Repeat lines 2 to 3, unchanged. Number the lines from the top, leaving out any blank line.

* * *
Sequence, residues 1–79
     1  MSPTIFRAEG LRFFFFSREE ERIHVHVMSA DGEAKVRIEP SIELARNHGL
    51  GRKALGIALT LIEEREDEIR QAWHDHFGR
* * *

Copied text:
     1  MSPTIFRAEG LRFFFFSREE ERIHVHVMSA DGEAKVRIEP SIELARNHGL
    51  GRKALGIALT LIEEREDEIR QAWHDHFGR